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Jewish World Review
March 30, 2007
/ 11 Nissan, 5767
Intolerance in the Twin Cities
Tolerance is a two-way street, as a group of Somali taxi drivers in Minneapolis and St. Paul, Minn., are about to find out. In May, the Metropolitan Airports Commission (MAC) in the Twin Cities is set to adopt new rules that will punish cabbies who refuse to haul passengers carrying liquor, even though the drivers claim their Muslim faith forbids them to do so.
The issue has come to a head in the Twin Cities because a popular local imam issued a fatwa last June forbidding Muslim drivers from transporting liquor in their taxis. The prohibition is not widely shared among Muslims elsewhere in the United States, but it has caused quite a stir in Minneapolis and St. Paul, home to the nation's largest Somali community. More than 600 airport taxi drivers in the cities are Somali, most of them Muslim.
According to the Minneapolis Star Tribune, about 100 passengers each month are denied transportation for carrying alcohol. But that will change if the MAC goes forward with a plan to suspend for 30 days the license of any driver who refuses customers for reasons other than safety; a second offense could lead the driver to lose his license for two years.
Some Muslim drivers claim the rules single them out for religious persecution and they vow to fight the penalties as an infringement of religious liberty. What the drivers seem to be saying is, we expect non-Muslims to respect our beliefs and practices, but we aren't required to tolerate theirs.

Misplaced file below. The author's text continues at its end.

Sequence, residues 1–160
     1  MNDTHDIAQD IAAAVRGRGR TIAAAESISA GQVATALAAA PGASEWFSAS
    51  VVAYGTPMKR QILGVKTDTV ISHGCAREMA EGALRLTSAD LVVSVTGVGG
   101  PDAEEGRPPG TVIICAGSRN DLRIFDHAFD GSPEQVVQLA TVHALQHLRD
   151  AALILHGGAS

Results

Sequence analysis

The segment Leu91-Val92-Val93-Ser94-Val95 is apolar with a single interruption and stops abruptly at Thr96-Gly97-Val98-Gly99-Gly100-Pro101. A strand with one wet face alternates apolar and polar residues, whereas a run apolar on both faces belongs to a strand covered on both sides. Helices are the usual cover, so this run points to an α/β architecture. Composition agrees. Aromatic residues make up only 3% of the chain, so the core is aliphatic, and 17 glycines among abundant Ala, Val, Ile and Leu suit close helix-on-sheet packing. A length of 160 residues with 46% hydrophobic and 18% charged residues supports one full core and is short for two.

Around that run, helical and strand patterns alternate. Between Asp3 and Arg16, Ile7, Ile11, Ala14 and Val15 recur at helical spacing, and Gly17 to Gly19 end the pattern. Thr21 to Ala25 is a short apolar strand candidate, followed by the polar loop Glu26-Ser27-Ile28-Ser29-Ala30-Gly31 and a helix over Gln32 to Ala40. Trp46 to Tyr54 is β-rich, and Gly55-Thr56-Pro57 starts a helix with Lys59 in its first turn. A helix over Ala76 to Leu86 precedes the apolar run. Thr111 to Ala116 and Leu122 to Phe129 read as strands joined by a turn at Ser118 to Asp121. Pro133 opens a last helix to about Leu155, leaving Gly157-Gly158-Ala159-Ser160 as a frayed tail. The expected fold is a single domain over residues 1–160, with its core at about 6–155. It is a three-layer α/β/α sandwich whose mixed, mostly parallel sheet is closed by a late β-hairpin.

The Somali intolerance doesn't just extend to alcohol. Some drivers have also refused to carry blind passengers with guide dogs, on grounds that the Koran says dog saliva is unclean. And some Muslim store cashiers in the Twin Cities have refused to scan pork products, alleging this also violates their faith.
There is a strong tradition in the United States of granting great deference to religious practices and beliefs, but there is also a tradition of not forcing those beliefs on others who do not share them which is where the Somalis have run afoul.
Today, these drivers are objecting to contact with customers who have alcohol, pork or dogs with them; tomorrow it may be refusing to allow women with bare heads in their cabs.
How would the Somalis feel if the shoe were on the other foot? For example, what if most Twin Cities taxi drivers belonged to a religious sect that abhorred Islamic practices, insisting that women's heads never be covered? Would the Somalis think it was perfectly fine to allow cab drivers to pass up Muslim couples if the woman was wearing traditional dress with her head covered? I doubt it.
No one has forced the Somalis to become taxi drivers. If their religious views prohibit them from having any contact with people who do not share those views, they shouldn't choose jobs in the public service sector.
Some strict religious sects remain in their own enclaves to avoid what they see as the corrupting influence of non-believers. Others venture out into the world but pick professions that offer the least conflict. You don't expect to see an Orthodox Jew becoming a pig farmer or a devout Mormon becoming a wine taster.
Of course the Somali drivers could have sought a reasonable accommodation for their scruples. They could have courteously explained to passengers that they can't touch alcohol and asked if the passengers would carry the bags containing alcohol themselves. If they did so with genuine civility, I expect most passengers would oblige without resentment.
Instead, they've tried to force the issue and caused a confrontation that can only make adjustment to their adopted country more difficult.
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JWR contributor Linda Chavez is President of the Center for Equal Opportunity. Her latest book is "Betrayal: How Union Bosses Shake Down Their Members and Corrupt American Politics". (Click HERE to purchase. Sales help fund JWR.)
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